Angela Carr, A.J. Laguerre Jr. and Jerrald Gallion are dead because a Clay County man traveled to Jacksonville on Saturday afternoon and killed them because they are Black.
Their deaths shocked Jaxons of all races, ethnicities, political backgrounds and ZIP codes. It was not lost on many of the mourners that Sunday’s vigils and remembrances occurred on the 63rd anniversary of Ax Handle Saturday.
The gunman, whom police identified as 21-year-old Orange Park resident Ryan Christopher Palmeter, wrote racist manifestos that detailed – in the words of Jacksonville Sheriff T.K. Waters – Palmeter’s desire to “kill n***ers.”
At St. Paul AME Church on Kings Road, nearby, the typical Sunday service transitioned into a vigil to remember the victims, who at that point had not yet been named. Churchgoers expressed unease at being in a mass gathering with Black people because of the previous day’s targeted shooting.
Four Edward Waters students attended the service, sitting on the right of the sanctuary and not saying much. When other congregants saw the young men, they hugged them, rubbed their backs and expressed thanks that they could attend the worship service.
Afterward, Edward Waters University Professor David Jamison consoled two former students who were near the Dollar General on Kings Road near the time Palmeter entered and started shooting.
“It does not surprise me, just not as a Jacksonville thing, but nationwide,” Jamison says. “We are going through an epidemic and it’s something that we need to stop. The rhetoric that is coming out of the government is encouraging people in their negative, and I believe, racist beliefs.”
This Sunday was not the first time that St. Paul AME Church was asked to soothe the souls of Jaxons on a solemn August 27th.
In 1960, following the assault in Downtown Jacksonville on Ax Handle Saturday, people returned to St. Paul when the church was located at the corner of 13th Street and Myrtle Avenue in Durkeeville.
St. Paul moved further from Downtown decades ago but remained committed to social justice.
This Sunday morning, its pastor, the Rev. Dr. Willie Nathaniel Barnes, Jr., said Saturday’s shooting spree is a call to action.
“We’re starting a movement today. A movement that has room for Republicans, Democrats, nonpartisan affiliated (people),” Barnes said. “The movement that has room for Muslims and Jews and Christians and Buddhists and Baptists and Methodists and Pentecostals and non-denominational. A movement focused on righteousness, peace and joy.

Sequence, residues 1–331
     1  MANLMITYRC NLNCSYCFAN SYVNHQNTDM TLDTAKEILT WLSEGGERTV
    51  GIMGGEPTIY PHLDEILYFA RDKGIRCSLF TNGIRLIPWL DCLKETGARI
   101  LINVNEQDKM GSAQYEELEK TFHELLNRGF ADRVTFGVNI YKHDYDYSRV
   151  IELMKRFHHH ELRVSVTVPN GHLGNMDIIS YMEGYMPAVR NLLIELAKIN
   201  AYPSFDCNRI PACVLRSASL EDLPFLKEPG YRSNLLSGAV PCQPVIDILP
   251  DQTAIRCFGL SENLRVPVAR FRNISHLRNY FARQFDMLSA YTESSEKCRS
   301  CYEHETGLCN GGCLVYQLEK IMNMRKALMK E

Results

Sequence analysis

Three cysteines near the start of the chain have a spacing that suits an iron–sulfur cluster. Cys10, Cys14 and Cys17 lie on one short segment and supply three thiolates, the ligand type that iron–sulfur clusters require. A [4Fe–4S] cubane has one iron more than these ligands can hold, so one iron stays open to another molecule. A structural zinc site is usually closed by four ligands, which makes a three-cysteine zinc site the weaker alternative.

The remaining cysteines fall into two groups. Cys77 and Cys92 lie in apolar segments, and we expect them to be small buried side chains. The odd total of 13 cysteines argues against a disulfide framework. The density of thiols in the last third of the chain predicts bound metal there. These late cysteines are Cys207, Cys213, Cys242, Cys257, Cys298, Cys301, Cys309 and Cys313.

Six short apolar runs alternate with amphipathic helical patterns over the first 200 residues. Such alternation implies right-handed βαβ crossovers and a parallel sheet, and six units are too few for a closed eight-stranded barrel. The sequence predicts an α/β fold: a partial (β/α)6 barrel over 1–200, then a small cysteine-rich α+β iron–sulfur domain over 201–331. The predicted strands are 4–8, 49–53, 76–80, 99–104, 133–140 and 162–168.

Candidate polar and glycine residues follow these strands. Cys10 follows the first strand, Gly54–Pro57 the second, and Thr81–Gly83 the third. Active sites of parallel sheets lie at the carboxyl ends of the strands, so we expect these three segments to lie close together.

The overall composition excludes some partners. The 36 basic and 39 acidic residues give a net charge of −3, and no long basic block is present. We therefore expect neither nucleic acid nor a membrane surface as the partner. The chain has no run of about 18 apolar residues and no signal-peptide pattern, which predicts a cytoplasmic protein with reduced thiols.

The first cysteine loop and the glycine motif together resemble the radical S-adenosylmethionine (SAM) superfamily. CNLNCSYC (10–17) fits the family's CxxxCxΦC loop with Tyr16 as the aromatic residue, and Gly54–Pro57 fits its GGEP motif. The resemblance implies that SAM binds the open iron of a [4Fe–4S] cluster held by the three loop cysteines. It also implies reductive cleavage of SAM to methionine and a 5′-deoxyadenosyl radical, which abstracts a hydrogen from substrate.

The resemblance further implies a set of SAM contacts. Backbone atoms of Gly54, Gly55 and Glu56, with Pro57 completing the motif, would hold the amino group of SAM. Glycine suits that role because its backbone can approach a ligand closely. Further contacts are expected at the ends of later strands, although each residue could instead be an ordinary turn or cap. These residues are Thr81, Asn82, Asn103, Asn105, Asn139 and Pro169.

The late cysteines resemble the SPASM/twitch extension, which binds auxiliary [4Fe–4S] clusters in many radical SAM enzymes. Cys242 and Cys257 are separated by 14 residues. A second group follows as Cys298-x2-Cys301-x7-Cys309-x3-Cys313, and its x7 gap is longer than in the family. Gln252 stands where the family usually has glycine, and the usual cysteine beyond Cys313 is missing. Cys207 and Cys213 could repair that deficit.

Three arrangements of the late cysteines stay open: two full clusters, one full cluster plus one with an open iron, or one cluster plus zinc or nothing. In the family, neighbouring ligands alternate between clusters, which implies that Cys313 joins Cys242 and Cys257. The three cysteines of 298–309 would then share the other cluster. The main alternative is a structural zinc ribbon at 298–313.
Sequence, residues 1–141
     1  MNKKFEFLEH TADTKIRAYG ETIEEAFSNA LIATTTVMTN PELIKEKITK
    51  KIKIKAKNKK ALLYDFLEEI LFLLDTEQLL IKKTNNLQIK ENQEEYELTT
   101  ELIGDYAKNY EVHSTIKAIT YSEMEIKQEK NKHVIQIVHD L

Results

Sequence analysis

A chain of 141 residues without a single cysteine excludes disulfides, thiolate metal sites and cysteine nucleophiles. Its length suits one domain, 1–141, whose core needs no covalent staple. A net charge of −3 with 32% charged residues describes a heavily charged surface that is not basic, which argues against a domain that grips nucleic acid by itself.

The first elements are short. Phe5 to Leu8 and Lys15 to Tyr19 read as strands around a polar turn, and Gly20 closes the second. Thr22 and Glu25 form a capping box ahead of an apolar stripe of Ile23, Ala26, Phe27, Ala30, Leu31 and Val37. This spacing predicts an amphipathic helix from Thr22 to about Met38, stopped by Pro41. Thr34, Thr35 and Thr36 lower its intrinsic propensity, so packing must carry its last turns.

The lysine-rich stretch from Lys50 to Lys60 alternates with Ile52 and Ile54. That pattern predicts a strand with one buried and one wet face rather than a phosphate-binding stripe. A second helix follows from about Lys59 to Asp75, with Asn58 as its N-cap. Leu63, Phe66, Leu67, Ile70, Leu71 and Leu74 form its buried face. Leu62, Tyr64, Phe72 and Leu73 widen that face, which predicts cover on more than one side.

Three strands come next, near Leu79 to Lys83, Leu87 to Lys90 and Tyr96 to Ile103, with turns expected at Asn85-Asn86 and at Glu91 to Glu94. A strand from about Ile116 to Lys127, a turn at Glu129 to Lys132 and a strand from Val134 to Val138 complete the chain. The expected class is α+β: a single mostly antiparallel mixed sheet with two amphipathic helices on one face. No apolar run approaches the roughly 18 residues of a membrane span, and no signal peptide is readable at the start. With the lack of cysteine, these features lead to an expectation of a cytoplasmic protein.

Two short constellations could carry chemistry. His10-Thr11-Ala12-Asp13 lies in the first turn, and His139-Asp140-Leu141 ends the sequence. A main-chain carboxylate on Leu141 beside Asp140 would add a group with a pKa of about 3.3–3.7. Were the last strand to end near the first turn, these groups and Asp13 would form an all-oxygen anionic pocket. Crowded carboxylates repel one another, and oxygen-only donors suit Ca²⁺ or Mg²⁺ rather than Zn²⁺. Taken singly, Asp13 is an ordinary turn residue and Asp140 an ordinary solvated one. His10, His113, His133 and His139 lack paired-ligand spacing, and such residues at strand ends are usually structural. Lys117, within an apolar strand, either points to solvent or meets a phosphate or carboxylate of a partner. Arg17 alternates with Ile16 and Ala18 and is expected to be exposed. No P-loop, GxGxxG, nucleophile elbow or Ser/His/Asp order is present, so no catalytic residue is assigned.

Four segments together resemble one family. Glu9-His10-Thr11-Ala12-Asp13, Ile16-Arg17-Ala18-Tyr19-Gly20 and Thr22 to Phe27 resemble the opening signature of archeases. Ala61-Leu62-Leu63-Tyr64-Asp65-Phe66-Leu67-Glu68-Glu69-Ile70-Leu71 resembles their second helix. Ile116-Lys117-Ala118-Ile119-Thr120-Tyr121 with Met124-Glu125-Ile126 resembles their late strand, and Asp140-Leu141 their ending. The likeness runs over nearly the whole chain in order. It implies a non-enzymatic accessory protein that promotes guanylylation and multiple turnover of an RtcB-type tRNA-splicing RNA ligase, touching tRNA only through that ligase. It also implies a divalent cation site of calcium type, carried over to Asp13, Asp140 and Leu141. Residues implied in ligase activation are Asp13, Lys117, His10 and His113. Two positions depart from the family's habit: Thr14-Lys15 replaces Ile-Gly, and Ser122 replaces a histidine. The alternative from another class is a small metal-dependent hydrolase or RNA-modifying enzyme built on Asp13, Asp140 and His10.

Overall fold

Barnes preached from the first chapter of the New Testament. He didn’t focus on the verses that demanded an “eye for an eye and a tooth for a tooth” but of receiving the treasures in heaven here on Earth.
“Righteousness is coming. Peace is coming,” Barnes preached. “Joy is coming, not just for the Southside but for the Northside. Not just for St. Johns Town Center, but Edward Waters.”
Throughout the day, Barnes and others prayed for elected officials but challenged them to cultivate a community of love, inclusiveness and an understanding of others.
Shelton Chappell knows the importance of love in a time of racial terror. His mother, Johnnie Mae Chappell, was lynched in March 1964 near Kings Road when she went to purchase ice cream. Sunday morning, Chappell sat in his car and prayed for Carr, Laguerre and Gallion.
He didn’t know their names. He knew their pain.
“I heard about this racial killing and it brought all the tragedy that me and my family had to deal with 60 years ago,” Chappell said while wearing a Black T-shirt that remembered Emmett Till. “I wanted to be sure that I prayed for this family and gave as much support as I could. And, I am hoping the community can do the same.”
Sunday’s service at the church was supposed to be a celebration of the progress Jacksonville made in acknowledging civil rights since Ax Handle Saturday. In what’s believed to be a first for a Jacksonville mayor, Donna Deegan attended and spoke.
Deegan said only togetherness will relieve the animus in the air.
“When we look around us and we see what is happening because of our policies, because we don’t see each other, because we don’t believe symbols matter, when we see all of this, we have to understand that common sense tells us we have to do something different,” Deegan said.
Over the last 12 months, Jacksonville has seen a series of anti-Semitic propaganda projected onto buildings and banners supporting the Confederate States of America fly over Downtown. Earlier this year, Jacksonville Jewish Federation CEO Miriam Feist told Jacksonville Today that people have felt emboldened to move to Florida and showcase racist and anti-Semitic beliefs because of the political climate that has been cultivated here.
On the day Deegan was inaugurated, a group flew a banner with the Confederate Battle Flag that asked her to engage with them.
She has refused.
Instead, Deegan has aligned herself with people like Rodney Hurst, the activist who organized Ax Handle Saturday as a 16-year-old member of the NAACP Youth Council. On Aug. 27, 1960, a gang of men beat Black teenagers and activists with ax handles in what is now known as James Weldon Johnson Park.
On Sunday, as Hurst reflected on that day 63 years ago, he lamented that while times have changed, there is still plenty of progress ahead of his hometown.
“It’s not lost that we have exchanged the ax handles for other things,” Hurst said.